Concrete produces a nice, hard, clean surface to walk and park upon.
Most exterior slab systems are a standard 4” thick. A base of 4-6” of compacted crushed gravel supports the slab. Installers strengthen the slabs with wire or rebar in order to support heavier loads. Producing concrete flatwork with a nice-looking surface finish requires experience and high levels of skill. Installers only get one shot at doing it right and failures can be extremely time consuming and expensive to correct. Bravo to the professional men and women who do this work.
Good drainage helps to protect your home’s concrete flatwork. Concrete floors, porches, patios, driveways, garage floors, and sidewalks all depend on good drainage for durability. Concrete will move and crack in response to expansion and contraction of the soils under the slab system. This movement is minimized by preventing moisture from reaching the soils around and under the slab system.
NOTE It is a good idea to avoid washing exterior slabs with cold water when temperatures are high with direct sun on the concrete. The abrupt change in temperature can sometimes damage the surface of the concrete. It also wastes water. Washing of slabs can also increase soil movement by allowing water to penetrate any existing cracks and find its way to the underlying soil. I recommend sweeping or blowing to keep exterior concrete clean. If washing is necessary, do this when temperatures are moderate.
The nature of concrete is it cracks. Concrete slabs shrink about ½ inch every 10 feet or so as it cures. Some of this shrinkage shows up as cracks. Cracking of concrete flatwork also results from temperature changes that cause expansion and contraction. As cracks occur, it is good to seal exterior slabs with a waterproof concrete caulk (available at hardware or home improvement stores) to prevent moisture from penetrating to the soil beneath. For indoor slabs that do not get rained upon this is less important. Do not permit extremely heavy vehicles such as moving vans or large trucks to drive on your concrete flatwork.
Driving or parking on slabs with snow creates ice. So it is advisable to remove snow promptly before it has a chance to become compacted ice. De-icing agents, such as road salt and other chemical agents can affect the surface. Pet urine, fertilizers and radiator coolant overflows are all things that can damage or cause spalling of concrete. Concrete sealers are available at paint or hardware stores and can be applied prior to the winter months. Sealers will help protect your outside and garage concrete flatwork from the damaging effects of rain and road salt. Garage slabs can be coated in pleasing ways but the preparation and application of the coatings are critical for a good result. Concrete slabs vary in color due to color differences of the concrete from one truck to the next overtime the sun will bleach the concrete to a consistent color.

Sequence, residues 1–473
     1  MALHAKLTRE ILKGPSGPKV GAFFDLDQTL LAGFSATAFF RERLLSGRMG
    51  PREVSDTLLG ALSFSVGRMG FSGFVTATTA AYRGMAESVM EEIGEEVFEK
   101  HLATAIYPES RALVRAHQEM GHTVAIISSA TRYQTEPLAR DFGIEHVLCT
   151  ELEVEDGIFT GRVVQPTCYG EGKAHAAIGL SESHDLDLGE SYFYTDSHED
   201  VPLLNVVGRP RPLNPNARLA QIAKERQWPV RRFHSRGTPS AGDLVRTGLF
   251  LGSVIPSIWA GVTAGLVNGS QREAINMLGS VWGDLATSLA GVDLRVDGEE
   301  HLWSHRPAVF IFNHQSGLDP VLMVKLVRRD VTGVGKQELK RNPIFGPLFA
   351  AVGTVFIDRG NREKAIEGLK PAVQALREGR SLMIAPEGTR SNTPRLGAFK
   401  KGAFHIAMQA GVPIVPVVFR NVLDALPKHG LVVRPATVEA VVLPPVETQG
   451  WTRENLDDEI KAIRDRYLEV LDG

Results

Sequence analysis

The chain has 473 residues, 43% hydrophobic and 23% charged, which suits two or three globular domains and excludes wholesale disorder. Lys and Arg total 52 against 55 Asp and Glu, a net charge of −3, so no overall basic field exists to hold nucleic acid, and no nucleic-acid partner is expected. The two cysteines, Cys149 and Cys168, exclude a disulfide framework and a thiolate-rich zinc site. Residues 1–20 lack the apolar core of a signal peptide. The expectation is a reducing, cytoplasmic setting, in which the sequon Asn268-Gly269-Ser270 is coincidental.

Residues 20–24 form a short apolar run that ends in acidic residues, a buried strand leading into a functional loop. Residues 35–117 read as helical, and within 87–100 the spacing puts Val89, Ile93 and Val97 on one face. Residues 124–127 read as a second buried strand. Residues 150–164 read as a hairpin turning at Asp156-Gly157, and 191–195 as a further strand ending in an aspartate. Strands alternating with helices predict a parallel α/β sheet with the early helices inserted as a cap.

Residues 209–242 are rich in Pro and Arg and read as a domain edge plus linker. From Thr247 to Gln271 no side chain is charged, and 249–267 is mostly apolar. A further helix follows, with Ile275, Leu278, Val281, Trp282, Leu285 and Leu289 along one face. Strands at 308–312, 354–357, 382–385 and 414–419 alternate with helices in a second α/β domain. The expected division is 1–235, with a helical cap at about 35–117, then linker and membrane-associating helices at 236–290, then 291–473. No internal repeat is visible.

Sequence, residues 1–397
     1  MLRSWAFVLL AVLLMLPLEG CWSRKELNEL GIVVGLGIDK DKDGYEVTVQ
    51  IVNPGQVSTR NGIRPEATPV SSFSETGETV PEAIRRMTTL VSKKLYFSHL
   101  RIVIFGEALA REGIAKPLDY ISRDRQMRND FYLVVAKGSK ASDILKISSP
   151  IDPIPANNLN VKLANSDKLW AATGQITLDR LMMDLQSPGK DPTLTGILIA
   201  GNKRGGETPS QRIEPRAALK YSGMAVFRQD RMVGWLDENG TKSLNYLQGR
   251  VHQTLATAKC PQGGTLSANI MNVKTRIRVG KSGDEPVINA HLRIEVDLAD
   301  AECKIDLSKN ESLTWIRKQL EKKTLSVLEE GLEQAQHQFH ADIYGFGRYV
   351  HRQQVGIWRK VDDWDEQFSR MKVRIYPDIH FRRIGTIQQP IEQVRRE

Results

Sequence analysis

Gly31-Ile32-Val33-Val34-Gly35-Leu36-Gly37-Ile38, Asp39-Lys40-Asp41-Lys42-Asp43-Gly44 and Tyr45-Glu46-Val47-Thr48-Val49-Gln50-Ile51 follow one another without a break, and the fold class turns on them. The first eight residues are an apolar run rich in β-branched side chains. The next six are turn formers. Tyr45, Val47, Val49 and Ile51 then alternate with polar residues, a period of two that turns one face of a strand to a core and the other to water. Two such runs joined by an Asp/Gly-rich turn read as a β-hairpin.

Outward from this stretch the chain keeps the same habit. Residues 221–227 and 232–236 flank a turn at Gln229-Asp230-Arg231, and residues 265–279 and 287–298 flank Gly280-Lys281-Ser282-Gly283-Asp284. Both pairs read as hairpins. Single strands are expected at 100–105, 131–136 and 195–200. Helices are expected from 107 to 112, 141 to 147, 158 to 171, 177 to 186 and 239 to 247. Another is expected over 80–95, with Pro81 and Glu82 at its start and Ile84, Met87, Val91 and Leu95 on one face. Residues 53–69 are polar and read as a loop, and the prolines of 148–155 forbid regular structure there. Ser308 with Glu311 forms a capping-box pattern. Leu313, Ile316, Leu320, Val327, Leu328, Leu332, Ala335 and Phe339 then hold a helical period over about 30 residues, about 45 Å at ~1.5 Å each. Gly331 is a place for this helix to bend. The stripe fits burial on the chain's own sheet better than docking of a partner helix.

An asphalt driveway is a petroleum-based product made with aggregates and sand. Asphalt is hot, soft and pliable when first installed. It hardens when rolled with a heavy machine and as it cools. Fresh installations require protection from things that might damage it (scraping, gouging, scuffing) until the material is cured .
Over time, the effects of weather and earth movements can cause minor settling and cracking . Chemical spills on asphalt must be avoided. Gasoline, diesel, oil, turpentine, and various other solvents can dissolve or damage the surface. Absorb such spills quickly with litter the wash with soap and water. Rinse it afterward thoroughly with plain water.
Avoid any concentrated or prolonged loads on your asphalt, particularly in hot weather. Turning front wheels or “peeling out” will permanently scuff hot asphalt. High- heeled shoes, motorcycle or bicycle kickstands and trailers jacks can cause damage. Even cars left in the same spot for long periods can create tire depressions in asphalt. Avoid heavy, industrial type heavy trucks on your driveway because it was likely designed for lighter use only.
Exposure to sunlight and other weather conditions will fade your driveway and make the surface gravel material more visible. Over time, your asphalt driveway may begin cracking. Cracks allow water to penetrate and assault the driveway base. You should seal any cracks before they have a chance to worsen and cause permanent damage. For sealing asphalt driveways, use a dilute asphalt emulsion, rather than the more common coal tar sealant. Sections with cracks that exceed 1/2inch in width should be removed, patched and repaired.
Think cobblestones from medieval times and you basically have the idea.
Cobblestone type pavers come in a wide variety of shapes, colors and sizes. Pavers are from 3”-6” thick and require varying amounts of base (similar to concrete) depending on the load they will be required to support. Pavers have lots of joints, so porosity and small movements do not cause cracking problems and are of no concern.
Proper preparation of the underlying soil, as well as the installation of base layers and the final paver material is critical for a quality result. Establishing solid outside borders is critical. An even compaction of the base material is also extremely important. Erosion of the base can cause pavers to lift, loosen and settle lifetime installation. Check out just about any old town in Europe for proof.